Evolutionary Algorithms

  • ID: 4125964
  • Book
  • 256 Pages
  • John Wiley and Sons Ltd
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Evolutionary algorithms are bio–inspired algorithms based on Darwin s theory of evolution. They are expected to provide non–optimal but good quality solutions to problems whose resolution is impracticable by exact methods.

In six chapters, this book presents the essential knowledge required to efficiently implement evolutionary algorithms.

Chapter 1 describes a generic evolutionary algorithm as well as the basic operators that compose it. Chapter 2 is devoted to the solving of continuous optimization problems, without constraint. Three leading approaches are described and compared on a set of test functions. Chapter 3 considers continuous optimization problems with constraints. Various approaches suitable for evolutionary methods are presented. Chapter 4 is related to combinatorial optimization. It provides a catalog of variation operators to deal with order–based problems. Chapter 5 introduces the basic notions required to understand the issue of multi–objective optimization and a variety of approaches for its application. Finally, Chapter 6 describes different approaches of genetic programming able to evolve computer programs in the context of machine learning.

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Preface xi

Chapter 1 Evolutionary Algorithms 1

1.1 From natural evolution to engineering 1

1.2 A generic evolutionary algorithm 3

1.3 Selection operators 5

1.4 Variation operators and representation 21

1.5 Binary representation 25

1.6 The simple genetic algorithm 30

1.7 Conclusion 31

Chapter 2 Continuous Optimization 33

2.1 Introduction 33

2.2 Real representation and variation operators for evolutionary algorithms 35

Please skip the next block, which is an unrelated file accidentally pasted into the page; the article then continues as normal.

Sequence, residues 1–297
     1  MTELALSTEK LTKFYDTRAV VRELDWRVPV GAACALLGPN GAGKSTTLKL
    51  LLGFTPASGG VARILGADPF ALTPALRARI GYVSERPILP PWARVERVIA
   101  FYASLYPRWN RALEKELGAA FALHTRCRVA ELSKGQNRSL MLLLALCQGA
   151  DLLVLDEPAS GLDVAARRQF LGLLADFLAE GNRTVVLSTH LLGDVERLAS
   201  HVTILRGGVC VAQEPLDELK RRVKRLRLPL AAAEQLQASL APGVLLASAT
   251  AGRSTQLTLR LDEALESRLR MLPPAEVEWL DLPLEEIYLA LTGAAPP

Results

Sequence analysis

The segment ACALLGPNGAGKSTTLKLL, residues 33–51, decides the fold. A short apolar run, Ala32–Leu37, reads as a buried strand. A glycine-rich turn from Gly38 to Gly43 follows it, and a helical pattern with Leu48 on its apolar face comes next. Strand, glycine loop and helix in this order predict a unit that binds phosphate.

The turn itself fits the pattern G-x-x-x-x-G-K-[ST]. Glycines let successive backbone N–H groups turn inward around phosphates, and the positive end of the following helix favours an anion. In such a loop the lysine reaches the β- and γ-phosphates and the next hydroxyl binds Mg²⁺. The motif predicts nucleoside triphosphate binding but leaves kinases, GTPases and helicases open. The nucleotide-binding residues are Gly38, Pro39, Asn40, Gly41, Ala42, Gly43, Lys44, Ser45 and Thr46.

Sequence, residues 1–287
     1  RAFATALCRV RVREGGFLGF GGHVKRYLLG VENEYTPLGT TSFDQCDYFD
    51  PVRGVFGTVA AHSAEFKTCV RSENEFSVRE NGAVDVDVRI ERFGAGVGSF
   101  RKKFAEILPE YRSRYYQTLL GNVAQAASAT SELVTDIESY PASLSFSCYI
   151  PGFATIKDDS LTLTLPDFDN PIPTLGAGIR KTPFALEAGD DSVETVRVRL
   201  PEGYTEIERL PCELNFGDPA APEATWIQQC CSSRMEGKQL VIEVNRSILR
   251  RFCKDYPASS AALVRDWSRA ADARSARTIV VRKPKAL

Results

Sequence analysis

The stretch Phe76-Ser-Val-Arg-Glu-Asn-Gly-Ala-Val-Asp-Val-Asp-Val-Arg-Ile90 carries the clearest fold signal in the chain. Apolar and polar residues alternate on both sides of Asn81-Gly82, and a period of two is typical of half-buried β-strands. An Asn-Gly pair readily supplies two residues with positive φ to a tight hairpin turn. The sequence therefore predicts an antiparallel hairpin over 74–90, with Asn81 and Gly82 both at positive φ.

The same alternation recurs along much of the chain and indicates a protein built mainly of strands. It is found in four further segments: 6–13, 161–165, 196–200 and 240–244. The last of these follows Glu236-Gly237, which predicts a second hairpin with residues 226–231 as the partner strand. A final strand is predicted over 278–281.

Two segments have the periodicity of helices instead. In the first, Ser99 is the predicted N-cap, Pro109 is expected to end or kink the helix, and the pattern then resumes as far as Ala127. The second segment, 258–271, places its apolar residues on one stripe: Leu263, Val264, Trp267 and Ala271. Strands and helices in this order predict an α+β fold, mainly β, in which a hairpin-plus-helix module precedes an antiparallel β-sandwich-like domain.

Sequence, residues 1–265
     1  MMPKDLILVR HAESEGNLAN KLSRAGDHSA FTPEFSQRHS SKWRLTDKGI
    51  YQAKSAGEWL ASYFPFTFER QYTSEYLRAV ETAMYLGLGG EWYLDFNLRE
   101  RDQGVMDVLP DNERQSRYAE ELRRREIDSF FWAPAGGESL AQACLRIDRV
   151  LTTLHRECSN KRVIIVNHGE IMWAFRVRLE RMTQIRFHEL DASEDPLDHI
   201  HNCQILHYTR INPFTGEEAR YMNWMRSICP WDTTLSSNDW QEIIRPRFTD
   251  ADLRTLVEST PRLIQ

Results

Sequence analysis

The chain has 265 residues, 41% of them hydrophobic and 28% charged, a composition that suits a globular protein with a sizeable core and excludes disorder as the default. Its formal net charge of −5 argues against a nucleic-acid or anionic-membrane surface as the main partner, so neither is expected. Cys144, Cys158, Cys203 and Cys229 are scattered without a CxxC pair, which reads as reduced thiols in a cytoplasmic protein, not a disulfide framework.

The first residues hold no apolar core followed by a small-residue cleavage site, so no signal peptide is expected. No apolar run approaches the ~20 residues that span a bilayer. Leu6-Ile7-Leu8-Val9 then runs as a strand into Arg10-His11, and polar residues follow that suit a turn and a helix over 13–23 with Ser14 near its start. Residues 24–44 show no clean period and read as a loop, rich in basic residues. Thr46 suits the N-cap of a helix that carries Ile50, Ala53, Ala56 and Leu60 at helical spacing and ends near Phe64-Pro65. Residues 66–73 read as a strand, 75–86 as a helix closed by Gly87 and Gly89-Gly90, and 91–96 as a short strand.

2.3 Covariance Matrix Adaptation Evolution Strategy 46

2.4 A restart CMA Evolution Strategy 55

2.5 Differential Evolution (DE) 57

2.6 Success–History based Adaptive Differential Evolution (SHADE) 65

2.7 Particle Swarm Optimization 70

2.8 Experiments and performance comparisons 77

2.9 Conclusion 88

2.10 Appendix: set of basic objective functions used for the experiments 89

Chapter 3 Constrained Continuous Evolutionary Optimization 93

3.1 Introduction 93

3.2 Penalization 98

3.3 Superiority of feasible solutions 112

3.4 Evolving on the feasible region 117

3.5 Multi–objective methods 123

3.6 Parallel population approaches 130

3.7 Hybrid methods 132

3.8 Conclusion 132

Chapter 4 Combinatorial Optimization 135

4.1 Introduction 135

4.2 The binary representation and variation operators 140

4.3 Order–based Representation and variation operators 143

4.4 Conclusion 163

Chapter 5 Multi–objective Optimization 165

5.1 Introduction 165

5.2 Problem formalization 166

5.3 The quality indicators 167

5.4 Multi–objective evolutionary algorithms 169

5.5 Methods using a Pareto ranking 169

5.6 Many–objective problems 176

5.7 Conclusion 181

Chapter 6 Genetic Programming for Machine Learning 183

6.1 Introduction 183

6.2 Syntax tree representation 186

6.3 Evolving the syntax trees 187

6.4 GP in action: an introductory example 194

6.5 Alternative Genetic Programming Representations 200

6.6 Example of application: intrusion detection in a computer system 210

6.7 Conclusion 215

Bibliography 217

Index 233

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Alain Petrowski
Sana Ben–Hamida
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